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Top court acts to clean up judicial system

Updated: 2014-12-10 08:00
By Cao Yin (China Daily)

The country's top court has issued a guideline aimed at tackling judicial corruption by requiring every court to strictly follow the letter of the law when hearing cases involving allegations of graft by government officials.

The guideline, published on Tuesday in a statement by the Supreme People's Court, sets out a five-year plan to prevent corruption in the courts, establish rules for hearing graft cases and improve international cooperation in the cleanup campaign.

Under the guideline, all grassroots courts are required to try cases involving government officers accused of abusing their power, corruption or dereliction of duty in strict accordance with the law. They must also pay particular attention to cases involving allegations of bribery by businessmen.

The guideline is regarded as an echo and enforcement of concerns about the rule of law raised at the Fourth Plenum of the 18th Central Committee of the Communist Party of China, the statement said.

Each court is asked to implement the guideline as quickly as possible, and anti-corruption work by the courts must also be pushed forward, the statement said.

Disciplinary departments at the grassroots level should perform their supervisory role to prevent judicial officers accepting money for acting as go-betweens in lawsuits, it said, adding that the top court will show zero tolerance for such incidents.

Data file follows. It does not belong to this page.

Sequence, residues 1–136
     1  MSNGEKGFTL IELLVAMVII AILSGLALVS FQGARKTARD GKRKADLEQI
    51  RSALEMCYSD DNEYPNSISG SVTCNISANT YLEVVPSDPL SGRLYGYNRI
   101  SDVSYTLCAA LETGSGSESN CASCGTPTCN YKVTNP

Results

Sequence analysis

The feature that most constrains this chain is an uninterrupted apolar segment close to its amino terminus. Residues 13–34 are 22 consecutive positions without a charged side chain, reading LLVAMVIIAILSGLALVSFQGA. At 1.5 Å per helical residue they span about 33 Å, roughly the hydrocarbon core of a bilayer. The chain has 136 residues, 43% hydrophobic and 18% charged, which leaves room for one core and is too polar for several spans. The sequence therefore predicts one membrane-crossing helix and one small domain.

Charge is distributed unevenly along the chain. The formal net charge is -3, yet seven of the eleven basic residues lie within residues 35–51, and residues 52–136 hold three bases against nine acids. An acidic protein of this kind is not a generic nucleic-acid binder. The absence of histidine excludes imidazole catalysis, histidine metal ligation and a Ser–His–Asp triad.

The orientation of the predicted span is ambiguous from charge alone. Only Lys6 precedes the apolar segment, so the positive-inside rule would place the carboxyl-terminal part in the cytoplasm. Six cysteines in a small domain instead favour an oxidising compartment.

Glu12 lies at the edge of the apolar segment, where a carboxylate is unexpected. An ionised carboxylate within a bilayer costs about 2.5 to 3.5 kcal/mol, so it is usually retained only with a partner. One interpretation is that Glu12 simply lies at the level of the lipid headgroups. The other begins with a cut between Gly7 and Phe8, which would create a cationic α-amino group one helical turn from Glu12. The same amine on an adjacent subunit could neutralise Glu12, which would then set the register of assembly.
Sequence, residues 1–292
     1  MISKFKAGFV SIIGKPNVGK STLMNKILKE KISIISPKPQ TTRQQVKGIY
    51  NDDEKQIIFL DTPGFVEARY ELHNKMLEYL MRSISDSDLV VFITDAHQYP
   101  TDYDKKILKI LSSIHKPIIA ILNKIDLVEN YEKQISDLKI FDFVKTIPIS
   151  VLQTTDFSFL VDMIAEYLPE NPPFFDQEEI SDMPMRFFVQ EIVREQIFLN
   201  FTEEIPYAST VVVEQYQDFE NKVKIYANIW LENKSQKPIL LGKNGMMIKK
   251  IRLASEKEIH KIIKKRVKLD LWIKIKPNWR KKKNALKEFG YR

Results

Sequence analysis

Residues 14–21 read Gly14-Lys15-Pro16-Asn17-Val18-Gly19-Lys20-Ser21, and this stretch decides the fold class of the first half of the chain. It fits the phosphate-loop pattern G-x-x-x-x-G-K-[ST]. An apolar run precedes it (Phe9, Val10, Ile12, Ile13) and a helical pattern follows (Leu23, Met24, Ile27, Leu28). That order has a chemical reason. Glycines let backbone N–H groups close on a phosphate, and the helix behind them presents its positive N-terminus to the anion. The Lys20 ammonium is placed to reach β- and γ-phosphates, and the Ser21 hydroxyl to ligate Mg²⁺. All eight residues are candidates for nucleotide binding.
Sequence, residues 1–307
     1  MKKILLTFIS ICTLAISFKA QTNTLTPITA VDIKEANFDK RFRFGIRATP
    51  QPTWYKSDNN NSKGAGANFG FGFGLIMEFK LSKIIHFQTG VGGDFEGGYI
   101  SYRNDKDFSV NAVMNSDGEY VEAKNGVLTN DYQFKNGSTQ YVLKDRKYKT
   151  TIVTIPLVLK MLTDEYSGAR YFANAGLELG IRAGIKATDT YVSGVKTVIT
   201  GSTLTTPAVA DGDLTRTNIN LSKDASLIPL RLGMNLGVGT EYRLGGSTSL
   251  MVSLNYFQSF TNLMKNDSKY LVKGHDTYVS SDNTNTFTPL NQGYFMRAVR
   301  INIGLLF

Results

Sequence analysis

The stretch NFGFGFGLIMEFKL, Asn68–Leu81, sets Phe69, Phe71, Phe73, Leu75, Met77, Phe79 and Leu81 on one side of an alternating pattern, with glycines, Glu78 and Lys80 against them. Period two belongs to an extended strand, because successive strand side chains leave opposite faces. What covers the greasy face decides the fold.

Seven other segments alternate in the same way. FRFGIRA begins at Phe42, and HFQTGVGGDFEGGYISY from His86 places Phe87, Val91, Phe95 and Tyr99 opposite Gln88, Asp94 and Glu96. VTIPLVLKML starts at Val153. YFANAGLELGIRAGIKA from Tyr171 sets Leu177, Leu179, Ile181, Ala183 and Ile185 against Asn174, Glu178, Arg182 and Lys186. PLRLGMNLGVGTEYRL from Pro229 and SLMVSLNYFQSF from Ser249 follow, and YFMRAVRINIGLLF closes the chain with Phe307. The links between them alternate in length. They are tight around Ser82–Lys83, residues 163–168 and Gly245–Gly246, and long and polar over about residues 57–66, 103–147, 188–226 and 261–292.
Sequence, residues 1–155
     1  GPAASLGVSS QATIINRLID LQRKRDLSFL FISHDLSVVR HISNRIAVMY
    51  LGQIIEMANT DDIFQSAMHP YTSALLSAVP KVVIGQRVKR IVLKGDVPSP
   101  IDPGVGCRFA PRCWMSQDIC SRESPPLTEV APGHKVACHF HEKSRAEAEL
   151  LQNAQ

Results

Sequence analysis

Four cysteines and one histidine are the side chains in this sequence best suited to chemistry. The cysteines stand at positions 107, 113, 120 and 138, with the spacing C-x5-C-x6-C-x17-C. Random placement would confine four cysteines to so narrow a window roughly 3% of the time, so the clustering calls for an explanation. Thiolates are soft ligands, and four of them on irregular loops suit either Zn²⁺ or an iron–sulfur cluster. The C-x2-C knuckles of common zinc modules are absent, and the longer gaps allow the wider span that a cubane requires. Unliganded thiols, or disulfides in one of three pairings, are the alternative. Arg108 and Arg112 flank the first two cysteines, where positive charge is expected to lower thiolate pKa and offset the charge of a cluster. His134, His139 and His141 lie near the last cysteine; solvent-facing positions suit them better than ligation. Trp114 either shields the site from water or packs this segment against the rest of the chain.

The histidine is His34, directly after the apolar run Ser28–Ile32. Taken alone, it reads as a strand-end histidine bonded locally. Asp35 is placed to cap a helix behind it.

The court said in October that some judicial officers had used lawsuits as a line of business, asking for a commission after helping litigants to establish relations with judges.

Disciplinary offices in the grassroots courts are asked to ensure the guideline is enforced and provide stricter supervision of legal officers.

As part of efforts to tackle judicial graft, a number of judges in Liaoning province have been investigated over allegations of dereliction of duty and bribery.

Ten judges at the court in the province's Qingyuan Manchu autonomous county were questioned between May and July, and local prosecutors said most had accepted bribes, abused their power, passed incorrect verdicts or perverted the law.

Li Wei, president of the Dalian Intermediate People's Court in the province, came under investigation in July for alleged serious disciplinary violations.

As the cases were disclosed, Zhou Qiang, the top court's president, said every court must find and correct disciplinary problems involving judicial officials in a timely manner, and each judge should punish strictly those who disobey laws and break discipline rules.

In March, Zhou highlighted the importance of preventing judicial corruption, and promised the court would deal severely with legal officers who break laws or commit discipline violations.

Last year, 381 judicial officers, including judges and prosecutors, were investigated on suspicion of violating laws and discipline rules. Criminal punishments were imposed on 101 of them, according to a report from the top court.

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